My tweet was kidding; I did not procrastinate on reading the New Yorker article on procrastination (which is dated 11 October so you probably already saw it, I just clicked on it now while procrastinating on reading Susan Orlean on social networking):
A two-stage experiment provides a classic illustration: In the first stage, people are offered the choice between a hundred dollars today or a hundred and ten dollars tomorrow; in the second stage, they choose between a hundred dollars a month from now or a hundred and ten dollars a month and a day from now. In substance, the two choices are identical: wait an extra day, get an extra ten bucks.
No, that’s not identical. In the first option, you are waiting twice as long as you would otherwise; in the second option, you are waiting an extra 3% as long. 3% is a marginal tax to pay in return for $10; $10 is not much to give up to cut your waiting time in half, or by even more than half. This sounds like a book written by economists; surely they know something about how money and time interrelate.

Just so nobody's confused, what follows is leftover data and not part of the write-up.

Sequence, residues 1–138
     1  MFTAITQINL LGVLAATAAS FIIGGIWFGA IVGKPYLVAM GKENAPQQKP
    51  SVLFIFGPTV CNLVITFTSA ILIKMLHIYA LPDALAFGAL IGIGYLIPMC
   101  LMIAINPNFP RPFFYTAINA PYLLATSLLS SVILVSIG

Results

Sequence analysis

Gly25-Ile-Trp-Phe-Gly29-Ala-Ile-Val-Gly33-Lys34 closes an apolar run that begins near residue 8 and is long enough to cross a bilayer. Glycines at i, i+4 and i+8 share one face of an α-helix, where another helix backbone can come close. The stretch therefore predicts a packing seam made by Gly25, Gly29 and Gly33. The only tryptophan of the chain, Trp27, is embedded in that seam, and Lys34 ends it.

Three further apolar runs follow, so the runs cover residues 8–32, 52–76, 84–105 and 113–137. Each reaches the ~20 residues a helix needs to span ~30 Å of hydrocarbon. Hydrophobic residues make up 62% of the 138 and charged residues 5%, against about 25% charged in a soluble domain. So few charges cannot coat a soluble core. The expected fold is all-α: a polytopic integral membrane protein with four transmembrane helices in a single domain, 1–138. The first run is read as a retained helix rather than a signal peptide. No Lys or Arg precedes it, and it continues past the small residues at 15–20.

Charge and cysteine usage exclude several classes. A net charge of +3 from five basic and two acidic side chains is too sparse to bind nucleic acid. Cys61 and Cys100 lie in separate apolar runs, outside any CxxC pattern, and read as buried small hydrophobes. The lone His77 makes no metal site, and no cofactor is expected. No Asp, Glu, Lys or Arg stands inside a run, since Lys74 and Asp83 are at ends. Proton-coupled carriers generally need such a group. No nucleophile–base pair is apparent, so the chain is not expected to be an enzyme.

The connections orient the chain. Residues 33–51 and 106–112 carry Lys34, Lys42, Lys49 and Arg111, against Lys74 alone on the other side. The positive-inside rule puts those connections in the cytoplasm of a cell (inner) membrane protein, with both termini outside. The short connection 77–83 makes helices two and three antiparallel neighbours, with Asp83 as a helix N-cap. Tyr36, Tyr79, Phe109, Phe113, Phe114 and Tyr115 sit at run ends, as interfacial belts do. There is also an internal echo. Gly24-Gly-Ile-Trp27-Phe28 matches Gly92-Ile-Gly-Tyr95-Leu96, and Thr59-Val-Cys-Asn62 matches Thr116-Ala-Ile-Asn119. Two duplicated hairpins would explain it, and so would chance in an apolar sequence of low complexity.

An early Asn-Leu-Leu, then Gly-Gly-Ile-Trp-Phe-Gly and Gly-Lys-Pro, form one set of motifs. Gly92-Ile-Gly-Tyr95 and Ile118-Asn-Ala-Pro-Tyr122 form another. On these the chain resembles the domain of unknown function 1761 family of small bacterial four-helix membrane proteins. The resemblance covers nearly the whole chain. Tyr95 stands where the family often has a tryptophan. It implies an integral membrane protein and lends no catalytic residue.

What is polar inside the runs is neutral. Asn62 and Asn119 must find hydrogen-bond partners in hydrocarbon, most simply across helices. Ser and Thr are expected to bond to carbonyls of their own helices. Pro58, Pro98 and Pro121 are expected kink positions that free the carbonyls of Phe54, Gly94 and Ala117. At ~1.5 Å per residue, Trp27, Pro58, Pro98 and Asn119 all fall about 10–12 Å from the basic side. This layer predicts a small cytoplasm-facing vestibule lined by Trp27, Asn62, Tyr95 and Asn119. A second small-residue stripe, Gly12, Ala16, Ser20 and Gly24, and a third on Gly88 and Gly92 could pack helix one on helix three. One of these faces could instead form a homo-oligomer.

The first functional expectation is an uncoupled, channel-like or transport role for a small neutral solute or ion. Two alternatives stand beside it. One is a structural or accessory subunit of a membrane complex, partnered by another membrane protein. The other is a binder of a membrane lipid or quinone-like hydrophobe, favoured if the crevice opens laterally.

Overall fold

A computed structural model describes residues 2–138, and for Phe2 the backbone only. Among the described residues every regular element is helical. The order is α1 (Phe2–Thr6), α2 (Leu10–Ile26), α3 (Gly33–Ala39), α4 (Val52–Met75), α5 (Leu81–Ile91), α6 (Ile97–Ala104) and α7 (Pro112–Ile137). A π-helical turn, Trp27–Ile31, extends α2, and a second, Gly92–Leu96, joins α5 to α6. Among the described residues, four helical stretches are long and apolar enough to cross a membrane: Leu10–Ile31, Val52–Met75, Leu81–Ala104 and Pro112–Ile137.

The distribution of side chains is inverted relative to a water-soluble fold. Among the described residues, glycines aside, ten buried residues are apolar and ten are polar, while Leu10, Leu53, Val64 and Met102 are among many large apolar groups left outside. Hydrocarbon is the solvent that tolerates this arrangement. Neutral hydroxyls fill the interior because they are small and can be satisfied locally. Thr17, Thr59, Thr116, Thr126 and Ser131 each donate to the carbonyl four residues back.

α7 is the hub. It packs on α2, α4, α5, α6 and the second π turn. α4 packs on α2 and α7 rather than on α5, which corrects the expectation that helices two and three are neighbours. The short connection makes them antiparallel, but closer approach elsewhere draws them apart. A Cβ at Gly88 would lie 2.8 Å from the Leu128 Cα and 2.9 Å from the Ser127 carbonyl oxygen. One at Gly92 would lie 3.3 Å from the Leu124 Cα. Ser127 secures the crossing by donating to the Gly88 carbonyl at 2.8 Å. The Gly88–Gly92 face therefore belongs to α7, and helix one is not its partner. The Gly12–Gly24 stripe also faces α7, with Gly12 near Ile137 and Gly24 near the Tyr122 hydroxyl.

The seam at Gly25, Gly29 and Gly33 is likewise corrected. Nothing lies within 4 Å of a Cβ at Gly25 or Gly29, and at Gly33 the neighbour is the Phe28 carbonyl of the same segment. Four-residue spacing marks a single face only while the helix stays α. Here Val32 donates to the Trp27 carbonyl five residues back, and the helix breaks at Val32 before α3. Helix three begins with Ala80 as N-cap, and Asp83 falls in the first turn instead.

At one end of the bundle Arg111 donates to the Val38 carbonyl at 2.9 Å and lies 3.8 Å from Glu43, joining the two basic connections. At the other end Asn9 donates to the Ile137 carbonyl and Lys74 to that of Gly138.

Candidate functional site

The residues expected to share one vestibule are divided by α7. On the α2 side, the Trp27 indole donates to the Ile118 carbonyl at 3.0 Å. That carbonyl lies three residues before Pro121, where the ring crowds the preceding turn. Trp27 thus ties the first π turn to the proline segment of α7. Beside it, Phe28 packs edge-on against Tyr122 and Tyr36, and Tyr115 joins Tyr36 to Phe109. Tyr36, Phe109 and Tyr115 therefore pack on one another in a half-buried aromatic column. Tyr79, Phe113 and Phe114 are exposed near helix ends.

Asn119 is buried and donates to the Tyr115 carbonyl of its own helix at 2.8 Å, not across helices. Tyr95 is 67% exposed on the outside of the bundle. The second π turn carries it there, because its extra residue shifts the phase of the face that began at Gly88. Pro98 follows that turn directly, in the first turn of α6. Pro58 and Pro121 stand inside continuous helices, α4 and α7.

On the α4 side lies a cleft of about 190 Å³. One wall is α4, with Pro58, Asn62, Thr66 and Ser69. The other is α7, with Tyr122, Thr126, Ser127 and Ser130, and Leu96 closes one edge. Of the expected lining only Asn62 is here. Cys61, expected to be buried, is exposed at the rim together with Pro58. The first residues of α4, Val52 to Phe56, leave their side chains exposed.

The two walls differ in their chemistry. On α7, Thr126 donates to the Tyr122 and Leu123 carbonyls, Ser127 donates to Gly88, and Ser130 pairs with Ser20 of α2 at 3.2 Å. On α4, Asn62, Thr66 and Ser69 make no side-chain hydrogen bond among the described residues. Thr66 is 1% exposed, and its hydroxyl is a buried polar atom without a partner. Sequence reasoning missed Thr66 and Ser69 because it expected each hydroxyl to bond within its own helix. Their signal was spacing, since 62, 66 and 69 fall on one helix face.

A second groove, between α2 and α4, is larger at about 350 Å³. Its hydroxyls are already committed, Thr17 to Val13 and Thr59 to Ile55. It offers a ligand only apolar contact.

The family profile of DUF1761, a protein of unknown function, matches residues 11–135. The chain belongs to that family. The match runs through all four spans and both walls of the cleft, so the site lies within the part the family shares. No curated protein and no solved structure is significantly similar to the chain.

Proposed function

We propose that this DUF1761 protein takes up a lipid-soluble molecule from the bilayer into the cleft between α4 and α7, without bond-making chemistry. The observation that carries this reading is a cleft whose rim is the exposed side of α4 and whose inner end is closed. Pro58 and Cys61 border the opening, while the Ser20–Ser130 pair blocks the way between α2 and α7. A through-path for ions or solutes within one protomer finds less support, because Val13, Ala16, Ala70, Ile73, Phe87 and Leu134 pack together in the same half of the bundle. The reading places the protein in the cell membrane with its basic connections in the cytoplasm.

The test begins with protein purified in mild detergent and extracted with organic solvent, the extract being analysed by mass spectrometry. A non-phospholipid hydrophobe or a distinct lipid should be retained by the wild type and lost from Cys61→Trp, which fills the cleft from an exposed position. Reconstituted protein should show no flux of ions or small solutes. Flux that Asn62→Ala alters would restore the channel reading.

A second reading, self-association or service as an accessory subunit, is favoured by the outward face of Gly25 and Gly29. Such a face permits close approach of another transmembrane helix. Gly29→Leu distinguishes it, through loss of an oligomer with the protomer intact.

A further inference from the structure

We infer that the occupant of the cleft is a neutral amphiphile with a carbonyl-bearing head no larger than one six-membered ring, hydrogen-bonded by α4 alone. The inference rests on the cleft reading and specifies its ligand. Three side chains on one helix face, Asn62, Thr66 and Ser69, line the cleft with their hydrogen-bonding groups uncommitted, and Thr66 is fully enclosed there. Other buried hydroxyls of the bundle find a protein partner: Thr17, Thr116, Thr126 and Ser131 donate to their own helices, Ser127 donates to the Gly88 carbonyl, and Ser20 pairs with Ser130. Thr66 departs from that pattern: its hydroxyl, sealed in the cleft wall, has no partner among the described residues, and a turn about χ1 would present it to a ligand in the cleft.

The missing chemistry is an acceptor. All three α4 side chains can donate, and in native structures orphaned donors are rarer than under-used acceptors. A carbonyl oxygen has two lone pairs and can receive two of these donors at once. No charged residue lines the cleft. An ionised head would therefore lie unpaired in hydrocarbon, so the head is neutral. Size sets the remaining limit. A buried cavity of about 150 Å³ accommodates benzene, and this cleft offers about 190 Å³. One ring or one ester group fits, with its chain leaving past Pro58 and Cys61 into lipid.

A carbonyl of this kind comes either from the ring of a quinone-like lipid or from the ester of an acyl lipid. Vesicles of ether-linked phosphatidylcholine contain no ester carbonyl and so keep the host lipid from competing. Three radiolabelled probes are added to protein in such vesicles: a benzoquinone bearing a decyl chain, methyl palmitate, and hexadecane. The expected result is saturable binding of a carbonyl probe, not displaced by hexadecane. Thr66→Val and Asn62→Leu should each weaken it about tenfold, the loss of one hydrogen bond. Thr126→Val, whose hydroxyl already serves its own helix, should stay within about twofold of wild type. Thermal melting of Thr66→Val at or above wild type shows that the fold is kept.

(I translate everything into percentages and sales. 10% is not much of a discount, but 25%? that’s a good sale, makes me consider buying something. 50% is a “buy-it-now” or “stock up” discount. Helps me figure out what’s worth being upset about.)
In other words, hyperbolic discounters are able to make the rational choice when they’re thinking about the future, but, as the present gets closer, short-term considerations overwhelm their long-term goals.
I don’t know. Taking the relative value of time into account sounds pretty rational to me, but I’m a procrastinator.
(And if it was a choice between getting $100 right then and sending in a form or having to make a trip or cash a check to get the $110 a month later—fuck, $10 ain’t worth paperwork or errands and I know that’s a rational choice.)